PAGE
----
On August 19, 2021, the U.S. Food and Drug Administration (FDA) approved nivolumab (Opdivo®) for the adjuvant treatment of patients with urothelial carcinoma (UC) who are at high risk for recurrence after undergoing radical resection.

FDA Approves Nivolumab for Adjuvant Treatment of Urothelial Carcinoma

This marks the first FDA approval  for adjuvant treatment of patients with high-risk UC. The results supporting the approval also supported the conversion of nivolumab’s accelerated approval for advanced or metastatic UC to a regular approval.

Nivolumab was investigated in a randomized, double-blind, placebo-controlled trial (CHECKMATE-274; NCT02632409) of patients who were within 120 days of radical resection of UC of the bladder or upper urinary tract (renal pelvis or ureter) and at high risk for recurrence. Patients were randomized 1:1 to receive nivolumab 240 mg or placebo via IV infusion every two weeks for a maximum of one year or until they experienced disease recurrence or unacceptable toxicity.

The primary efficacy endpoint was investigator-assessed, disease-free survival (DFS) in the intent-to-treat (ITT) population and in patients with tumors expressing PD-L1 ≥ 1%. DFS was defined as time to first recurrence in the local urothelial and nonurothelial tracts, distant metastasis, or death. During a prespecified interim analysis, patients in the nivolumab arm versus placebo had a statistically significant improvement in DFS for both primary endpoints. In the ITT analysis, median DFS was 20.8 months (95% CI = 16.5, 27.6) in patients who received nivolumab compared to 10.8 months (95% CI = 8.3, 13.9) in patients who received placebo (hazard ratio = 0.70; 95% CI = 0.57, 0.86; p = 0.0008). For patients with tumors expressing PD-L1 ≥ 1%, median DFS was not reached (95% CI = 21.2, not estimable) in those who received nivolumab versus 8.4 months (95% CI = 5.6, 21.2) for patients who received placebo (hazard ratio = 0.55; 95% CI = 0.39, 0.77; p = 0.0005).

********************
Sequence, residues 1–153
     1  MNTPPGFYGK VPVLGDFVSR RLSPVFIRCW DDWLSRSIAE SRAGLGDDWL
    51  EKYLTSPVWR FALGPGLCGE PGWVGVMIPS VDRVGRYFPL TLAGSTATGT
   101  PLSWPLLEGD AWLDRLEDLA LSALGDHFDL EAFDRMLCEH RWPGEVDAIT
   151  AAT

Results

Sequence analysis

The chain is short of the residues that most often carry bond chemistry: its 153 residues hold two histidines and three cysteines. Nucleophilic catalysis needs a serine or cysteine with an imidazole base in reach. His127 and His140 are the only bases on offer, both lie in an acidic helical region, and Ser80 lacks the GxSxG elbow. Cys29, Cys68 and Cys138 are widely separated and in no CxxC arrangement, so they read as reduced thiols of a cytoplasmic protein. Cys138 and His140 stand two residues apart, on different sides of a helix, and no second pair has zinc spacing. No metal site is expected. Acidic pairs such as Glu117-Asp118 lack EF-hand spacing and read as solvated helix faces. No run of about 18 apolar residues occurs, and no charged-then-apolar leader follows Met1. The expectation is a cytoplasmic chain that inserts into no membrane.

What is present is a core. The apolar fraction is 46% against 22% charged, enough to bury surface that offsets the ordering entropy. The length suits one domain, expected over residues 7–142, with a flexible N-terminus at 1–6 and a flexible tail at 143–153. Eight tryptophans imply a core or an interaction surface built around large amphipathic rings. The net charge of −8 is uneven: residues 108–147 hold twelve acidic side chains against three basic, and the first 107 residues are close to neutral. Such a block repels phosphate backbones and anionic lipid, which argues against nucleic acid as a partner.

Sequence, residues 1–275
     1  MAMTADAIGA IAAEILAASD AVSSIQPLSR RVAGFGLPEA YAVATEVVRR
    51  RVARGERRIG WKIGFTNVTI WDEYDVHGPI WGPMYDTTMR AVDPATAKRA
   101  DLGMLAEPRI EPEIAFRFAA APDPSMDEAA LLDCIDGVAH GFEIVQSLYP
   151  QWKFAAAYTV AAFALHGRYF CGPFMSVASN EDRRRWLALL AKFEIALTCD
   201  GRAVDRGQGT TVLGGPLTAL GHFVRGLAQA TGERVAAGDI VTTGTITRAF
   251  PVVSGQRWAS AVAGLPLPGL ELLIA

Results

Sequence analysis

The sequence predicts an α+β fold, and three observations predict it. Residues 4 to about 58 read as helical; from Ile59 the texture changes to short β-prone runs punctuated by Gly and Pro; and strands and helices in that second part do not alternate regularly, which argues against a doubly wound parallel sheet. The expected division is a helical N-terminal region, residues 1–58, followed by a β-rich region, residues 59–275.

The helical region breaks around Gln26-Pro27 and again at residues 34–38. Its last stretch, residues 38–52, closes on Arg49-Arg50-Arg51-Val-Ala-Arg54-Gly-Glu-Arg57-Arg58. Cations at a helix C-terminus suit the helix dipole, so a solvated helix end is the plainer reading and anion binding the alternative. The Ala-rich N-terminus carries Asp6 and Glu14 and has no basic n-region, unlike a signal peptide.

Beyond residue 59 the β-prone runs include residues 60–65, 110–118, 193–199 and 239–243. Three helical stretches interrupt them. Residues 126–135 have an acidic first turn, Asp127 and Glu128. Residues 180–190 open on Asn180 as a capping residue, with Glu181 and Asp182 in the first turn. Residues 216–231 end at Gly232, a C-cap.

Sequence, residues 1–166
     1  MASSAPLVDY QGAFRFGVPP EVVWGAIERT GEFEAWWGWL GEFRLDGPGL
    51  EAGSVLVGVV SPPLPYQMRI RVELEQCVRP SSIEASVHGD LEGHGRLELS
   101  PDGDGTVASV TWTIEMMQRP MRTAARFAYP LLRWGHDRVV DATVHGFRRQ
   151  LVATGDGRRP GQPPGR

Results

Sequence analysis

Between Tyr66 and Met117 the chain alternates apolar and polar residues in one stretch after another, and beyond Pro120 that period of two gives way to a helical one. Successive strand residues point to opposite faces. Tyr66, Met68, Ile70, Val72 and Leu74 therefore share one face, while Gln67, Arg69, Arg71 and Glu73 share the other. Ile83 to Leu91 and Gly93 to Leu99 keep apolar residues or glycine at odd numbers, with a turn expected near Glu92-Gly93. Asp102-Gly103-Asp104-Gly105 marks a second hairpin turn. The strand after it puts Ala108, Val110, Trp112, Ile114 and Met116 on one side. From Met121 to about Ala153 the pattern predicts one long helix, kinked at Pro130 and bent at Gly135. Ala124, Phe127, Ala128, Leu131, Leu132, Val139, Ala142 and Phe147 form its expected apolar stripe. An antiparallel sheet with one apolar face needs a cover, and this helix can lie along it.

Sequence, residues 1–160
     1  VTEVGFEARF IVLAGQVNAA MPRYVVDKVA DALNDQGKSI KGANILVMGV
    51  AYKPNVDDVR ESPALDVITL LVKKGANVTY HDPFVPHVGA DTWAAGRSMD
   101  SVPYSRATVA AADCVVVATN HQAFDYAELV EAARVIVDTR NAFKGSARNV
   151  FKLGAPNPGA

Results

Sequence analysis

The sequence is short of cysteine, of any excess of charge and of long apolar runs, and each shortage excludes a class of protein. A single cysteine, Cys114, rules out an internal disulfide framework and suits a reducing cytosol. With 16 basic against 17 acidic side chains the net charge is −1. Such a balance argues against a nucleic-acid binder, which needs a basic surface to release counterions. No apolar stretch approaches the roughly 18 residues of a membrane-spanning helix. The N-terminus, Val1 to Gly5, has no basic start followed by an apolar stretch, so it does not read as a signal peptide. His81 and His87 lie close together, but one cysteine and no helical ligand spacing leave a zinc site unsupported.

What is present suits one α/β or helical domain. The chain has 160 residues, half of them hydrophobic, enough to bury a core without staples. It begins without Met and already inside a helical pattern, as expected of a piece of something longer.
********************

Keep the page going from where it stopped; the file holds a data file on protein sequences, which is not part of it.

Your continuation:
In an exploratory analysis of patients with PD-L1-negative tumors (58%), the unstratified DFS hazard ratio estimate was 0.83 (95% CI = 0.64, 1.08). Overall survival data is immature, with 33% of deaths in the overall randomized population. In the upper tract urothelial cancer subpopulation, 37 deaths occurred: 20 in the nivolumab arm and 17 in the placebo arm.

The most common adverse reactions (≥ 20%) reported for nivolumab in the trial were rash, fatigue, diarrhea, pruritus, musculoskeletal pain, and urinary tract infection.

The recommended nivolumab dosage for adjuvant treatment of UC is 240 mg every 2 weeks or 480 mg every 4 weeks.

View the full prescribing information for nivolumab.

The review used the Real-Time Oncology Review pilot program, which streamlined data submission prior to the filing of the entire clinical application, as well as the Assessment Aid and the Product Quality Assessment Aid, voluntary submissions from the applicant to facilitate FDA’s assessment.

FDA granted the application priority review for the indication. A description of FDA expedited programs is in the Guidance for IndustryꟷExpedited Programs for Serious ConditionsꟷDrugs and Biologics.

Healthcare professionals should report all serious adverse events they suspect to be associated with the use of any medicine and device to FDA’s MedWatch Reporting System or by calling 800-FDA-1088.

For assistance with single-patient INDs for investigational oncology products, healthcare professionals may contact OCE’s Project Facilitate at 240-402-0004 or email OncProjectFacilitate@fda.hhs.gov.